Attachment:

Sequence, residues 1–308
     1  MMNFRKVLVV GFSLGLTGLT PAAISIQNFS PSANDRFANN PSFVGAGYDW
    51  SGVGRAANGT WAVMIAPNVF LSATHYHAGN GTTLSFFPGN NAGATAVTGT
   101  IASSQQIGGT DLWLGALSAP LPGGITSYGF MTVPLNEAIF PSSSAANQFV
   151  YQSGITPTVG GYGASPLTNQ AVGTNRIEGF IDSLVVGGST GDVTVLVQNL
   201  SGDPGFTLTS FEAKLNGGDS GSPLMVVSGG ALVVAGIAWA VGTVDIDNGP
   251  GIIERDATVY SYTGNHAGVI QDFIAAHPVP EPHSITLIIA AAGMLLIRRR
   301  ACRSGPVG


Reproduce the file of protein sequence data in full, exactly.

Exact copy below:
Sequence, residues 1–308
     1  MMNFRKVLVV GFSLGLTGLT PAAISIQNFS PSANDRFANN PSFVGAGYDW
    51  SGVGRAANGT WAVMIAPNVF LSATHYHAGN GTTLSFFPGN NAGATAVTGT
   101  IASSQQIGGT DLWLGALSAP LPGGITSYGF MTVPLNEAIF PSSSAANQFV
   151  YQSGITPTVG GYGASPLTNQ AVGTNRIEGF IDSLVVGGST GDVTVLVQNL
   201  SGDPGFTLTS FEAKLNGGDS GSPLMVVSGG ALVVAGIAWA VGTVDIDNGP
   251  GIIERDATVY SYTGNHAGVI QDFIAAHPVP EPHSITLIIA AAGMLLIRRR
   301  ACRSGPVG